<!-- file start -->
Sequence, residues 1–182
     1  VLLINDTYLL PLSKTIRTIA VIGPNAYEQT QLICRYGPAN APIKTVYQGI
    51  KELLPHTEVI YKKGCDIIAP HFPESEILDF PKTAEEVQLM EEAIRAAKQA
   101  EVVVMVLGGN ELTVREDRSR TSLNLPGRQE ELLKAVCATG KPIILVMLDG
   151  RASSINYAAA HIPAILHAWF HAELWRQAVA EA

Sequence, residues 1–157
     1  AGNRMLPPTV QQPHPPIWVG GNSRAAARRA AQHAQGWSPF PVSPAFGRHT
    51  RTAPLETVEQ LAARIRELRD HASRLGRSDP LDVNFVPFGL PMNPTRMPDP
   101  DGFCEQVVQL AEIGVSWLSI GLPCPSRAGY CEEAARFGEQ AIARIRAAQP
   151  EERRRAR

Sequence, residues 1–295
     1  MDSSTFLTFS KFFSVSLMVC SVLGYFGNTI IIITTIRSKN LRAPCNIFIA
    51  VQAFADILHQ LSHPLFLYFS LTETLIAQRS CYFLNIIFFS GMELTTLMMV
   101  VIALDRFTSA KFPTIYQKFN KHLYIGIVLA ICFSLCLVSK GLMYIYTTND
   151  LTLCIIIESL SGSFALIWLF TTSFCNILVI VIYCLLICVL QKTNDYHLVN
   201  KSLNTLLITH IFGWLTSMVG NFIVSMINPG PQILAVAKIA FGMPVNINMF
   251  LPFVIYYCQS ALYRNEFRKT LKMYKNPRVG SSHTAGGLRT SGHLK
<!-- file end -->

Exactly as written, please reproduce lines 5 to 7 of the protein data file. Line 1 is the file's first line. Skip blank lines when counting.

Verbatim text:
   151  RASSINYAAA HIPAILHAWF HAELWRQAVA EA

Sequence, residues 1–157
     1  AGNRMLPPTV QQPHPPIWVG GNSRAAARRA AQHAQGWSPF PVSPAFGRHT